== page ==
“Donald Trump is a fucking asshole,” said Anatolii, a soldier in the Ukrainian Territorial Defense Forces. The leaves are changing, and it’s a chilly fall day in Bilopillya, a village in the Sumy region where you can see Russia a few kilometers away. “That’s what I think of him.”
His brigade defends flat farmland that wouldn’t be out of place in a Tolstoy novel—except the endless, rolling scene, laced with crops and thickets of trees, is heavily mined and pockmarked with artillery blasts.
The question of who will become U.S. president in 2024 is far from his mind. Anatolii is one of a few soldiers in his brigade, made up of other locals, who defend the Ukrainian border with Russia. On any given day, he deals with barrages of artillery, Grad rockets, the pings of gunfire, and the occasional missile, one of which took out a local school in March.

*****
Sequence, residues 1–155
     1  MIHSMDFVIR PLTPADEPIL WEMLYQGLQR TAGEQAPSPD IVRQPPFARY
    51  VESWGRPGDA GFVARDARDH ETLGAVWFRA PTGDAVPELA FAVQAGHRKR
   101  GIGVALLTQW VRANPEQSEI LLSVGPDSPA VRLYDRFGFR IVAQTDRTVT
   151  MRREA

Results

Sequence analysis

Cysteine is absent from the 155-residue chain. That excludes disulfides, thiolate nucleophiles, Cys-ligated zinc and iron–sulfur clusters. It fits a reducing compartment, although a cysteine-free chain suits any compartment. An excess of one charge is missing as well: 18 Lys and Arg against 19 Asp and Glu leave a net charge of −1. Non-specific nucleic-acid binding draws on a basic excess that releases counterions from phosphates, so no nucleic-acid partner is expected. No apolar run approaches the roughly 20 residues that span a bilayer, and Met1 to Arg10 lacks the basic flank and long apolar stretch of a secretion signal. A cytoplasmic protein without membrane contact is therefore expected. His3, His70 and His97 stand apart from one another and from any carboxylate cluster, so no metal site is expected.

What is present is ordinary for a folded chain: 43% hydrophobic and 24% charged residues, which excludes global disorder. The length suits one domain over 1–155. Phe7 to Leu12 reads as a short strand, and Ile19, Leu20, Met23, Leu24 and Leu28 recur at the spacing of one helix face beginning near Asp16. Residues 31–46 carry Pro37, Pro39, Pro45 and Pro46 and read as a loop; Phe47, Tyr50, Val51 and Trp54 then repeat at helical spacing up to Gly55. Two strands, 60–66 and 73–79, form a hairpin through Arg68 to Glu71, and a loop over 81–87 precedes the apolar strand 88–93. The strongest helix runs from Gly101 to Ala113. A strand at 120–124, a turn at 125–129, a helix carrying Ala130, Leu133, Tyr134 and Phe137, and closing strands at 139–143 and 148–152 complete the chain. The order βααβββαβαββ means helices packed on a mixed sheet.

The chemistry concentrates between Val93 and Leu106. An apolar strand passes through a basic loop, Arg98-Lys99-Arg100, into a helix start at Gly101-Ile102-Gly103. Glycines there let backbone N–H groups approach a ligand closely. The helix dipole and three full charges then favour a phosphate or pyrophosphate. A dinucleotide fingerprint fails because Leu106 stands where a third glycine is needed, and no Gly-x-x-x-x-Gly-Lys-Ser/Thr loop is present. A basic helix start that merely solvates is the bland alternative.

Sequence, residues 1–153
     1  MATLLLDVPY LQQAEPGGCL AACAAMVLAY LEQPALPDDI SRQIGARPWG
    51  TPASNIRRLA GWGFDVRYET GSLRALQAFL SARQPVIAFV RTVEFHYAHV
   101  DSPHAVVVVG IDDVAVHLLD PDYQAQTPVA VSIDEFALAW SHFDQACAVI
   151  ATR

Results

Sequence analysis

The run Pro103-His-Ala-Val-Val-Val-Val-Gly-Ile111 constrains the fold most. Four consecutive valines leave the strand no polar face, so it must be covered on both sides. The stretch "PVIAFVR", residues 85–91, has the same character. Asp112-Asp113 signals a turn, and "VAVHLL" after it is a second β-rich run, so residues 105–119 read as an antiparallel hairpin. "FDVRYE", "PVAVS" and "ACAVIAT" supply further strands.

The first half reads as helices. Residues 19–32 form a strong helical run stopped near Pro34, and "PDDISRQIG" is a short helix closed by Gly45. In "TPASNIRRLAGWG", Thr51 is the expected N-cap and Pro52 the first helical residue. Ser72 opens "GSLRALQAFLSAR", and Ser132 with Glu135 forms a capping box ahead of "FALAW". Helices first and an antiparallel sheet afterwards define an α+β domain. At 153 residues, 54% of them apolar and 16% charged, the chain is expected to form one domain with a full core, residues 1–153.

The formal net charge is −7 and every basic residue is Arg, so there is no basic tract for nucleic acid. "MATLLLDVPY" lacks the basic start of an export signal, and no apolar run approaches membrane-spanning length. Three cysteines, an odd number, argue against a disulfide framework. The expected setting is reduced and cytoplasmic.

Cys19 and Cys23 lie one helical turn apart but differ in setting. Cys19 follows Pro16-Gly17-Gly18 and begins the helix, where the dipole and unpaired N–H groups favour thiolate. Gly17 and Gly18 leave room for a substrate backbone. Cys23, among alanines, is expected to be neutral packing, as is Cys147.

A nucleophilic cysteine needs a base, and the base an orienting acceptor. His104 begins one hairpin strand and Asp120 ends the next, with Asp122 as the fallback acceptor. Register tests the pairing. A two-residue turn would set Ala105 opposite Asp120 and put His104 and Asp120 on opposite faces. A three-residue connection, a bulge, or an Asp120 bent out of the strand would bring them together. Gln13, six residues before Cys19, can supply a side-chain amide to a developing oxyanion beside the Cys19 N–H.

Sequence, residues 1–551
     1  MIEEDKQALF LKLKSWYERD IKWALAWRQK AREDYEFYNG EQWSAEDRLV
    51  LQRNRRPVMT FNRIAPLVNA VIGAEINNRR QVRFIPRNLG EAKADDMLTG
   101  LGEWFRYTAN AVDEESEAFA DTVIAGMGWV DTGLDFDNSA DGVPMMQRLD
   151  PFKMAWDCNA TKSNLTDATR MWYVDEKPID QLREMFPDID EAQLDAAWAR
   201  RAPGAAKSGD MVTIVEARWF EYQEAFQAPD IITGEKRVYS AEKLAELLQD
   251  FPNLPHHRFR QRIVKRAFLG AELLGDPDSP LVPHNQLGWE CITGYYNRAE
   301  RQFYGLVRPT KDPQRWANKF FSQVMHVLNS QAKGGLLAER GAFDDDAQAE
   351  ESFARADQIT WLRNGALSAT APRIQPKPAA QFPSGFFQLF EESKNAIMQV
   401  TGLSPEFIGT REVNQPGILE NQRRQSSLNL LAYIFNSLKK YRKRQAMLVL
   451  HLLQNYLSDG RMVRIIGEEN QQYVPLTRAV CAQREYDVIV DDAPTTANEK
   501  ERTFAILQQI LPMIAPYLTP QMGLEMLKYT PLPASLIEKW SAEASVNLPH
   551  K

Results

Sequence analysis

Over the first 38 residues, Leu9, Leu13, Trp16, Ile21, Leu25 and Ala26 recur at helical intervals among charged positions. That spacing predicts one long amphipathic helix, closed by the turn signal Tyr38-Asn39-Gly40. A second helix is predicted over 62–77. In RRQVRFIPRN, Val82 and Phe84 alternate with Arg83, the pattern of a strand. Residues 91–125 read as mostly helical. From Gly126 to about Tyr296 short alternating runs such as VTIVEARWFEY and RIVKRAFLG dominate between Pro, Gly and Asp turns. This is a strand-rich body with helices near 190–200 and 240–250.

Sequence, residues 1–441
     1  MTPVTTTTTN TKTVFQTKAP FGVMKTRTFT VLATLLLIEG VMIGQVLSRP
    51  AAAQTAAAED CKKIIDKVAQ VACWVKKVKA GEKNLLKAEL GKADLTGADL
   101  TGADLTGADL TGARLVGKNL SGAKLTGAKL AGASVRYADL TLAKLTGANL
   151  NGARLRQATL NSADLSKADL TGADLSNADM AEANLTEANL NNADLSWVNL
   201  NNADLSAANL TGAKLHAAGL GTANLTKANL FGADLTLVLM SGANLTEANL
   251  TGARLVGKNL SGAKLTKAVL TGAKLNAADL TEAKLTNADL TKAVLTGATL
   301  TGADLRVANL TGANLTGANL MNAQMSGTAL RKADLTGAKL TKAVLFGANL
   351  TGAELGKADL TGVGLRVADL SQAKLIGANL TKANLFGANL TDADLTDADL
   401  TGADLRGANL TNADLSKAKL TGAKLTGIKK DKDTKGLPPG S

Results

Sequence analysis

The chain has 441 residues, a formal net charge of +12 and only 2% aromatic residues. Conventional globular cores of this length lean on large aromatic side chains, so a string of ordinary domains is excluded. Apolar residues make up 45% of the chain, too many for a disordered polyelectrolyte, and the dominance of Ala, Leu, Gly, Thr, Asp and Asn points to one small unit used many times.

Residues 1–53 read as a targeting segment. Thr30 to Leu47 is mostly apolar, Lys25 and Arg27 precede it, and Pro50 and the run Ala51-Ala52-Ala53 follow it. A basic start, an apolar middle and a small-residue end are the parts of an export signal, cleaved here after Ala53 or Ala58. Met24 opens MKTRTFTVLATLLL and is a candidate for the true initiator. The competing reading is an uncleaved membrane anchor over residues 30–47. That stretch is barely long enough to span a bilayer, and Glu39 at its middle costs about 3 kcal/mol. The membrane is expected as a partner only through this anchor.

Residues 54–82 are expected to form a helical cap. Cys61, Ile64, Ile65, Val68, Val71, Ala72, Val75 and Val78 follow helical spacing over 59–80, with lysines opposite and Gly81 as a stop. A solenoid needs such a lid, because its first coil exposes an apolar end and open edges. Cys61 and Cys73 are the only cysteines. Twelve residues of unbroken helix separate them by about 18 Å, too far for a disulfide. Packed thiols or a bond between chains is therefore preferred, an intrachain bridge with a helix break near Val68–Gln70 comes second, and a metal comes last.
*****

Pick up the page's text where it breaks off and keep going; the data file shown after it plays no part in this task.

“The problem is, they never give us enough weapons,” he told me in an almost exasperated tone about U.S. and NATO arms transfers. “If he comes back and what? Give us none again?” Many in the Ukrainian military and government already feel that they are not receiving enough military aid. The stakes of the nascent Republican primary, which has been defined by isolationist rhetoric, are potentially dire.
Back in Kyiv, sitting in a hipster bistro near the banks of the Dnipro River, I find it tough to remember that, less than 48 hours ago, a swarm of Iranian-designed Shahed drones were shot down overhead, the debris landing near baroque architecture and cobblestoned streets.
I’m in a casual conversation with a Ukrainian official in the upper brass of Kyiv’s military effort. The war, he and his colleagues believe, is far from over. The need for continued support from the West is vital.
“For now, it’s going to be the same, then up and down,” he said to me, referring to the kinetic energy of a conflict that has grinded to mostly a standstill as Ukraine’s counteroffensive crawls on in the east. “But in Donbas, there is always going to be crazy shelling and missiles all day long.”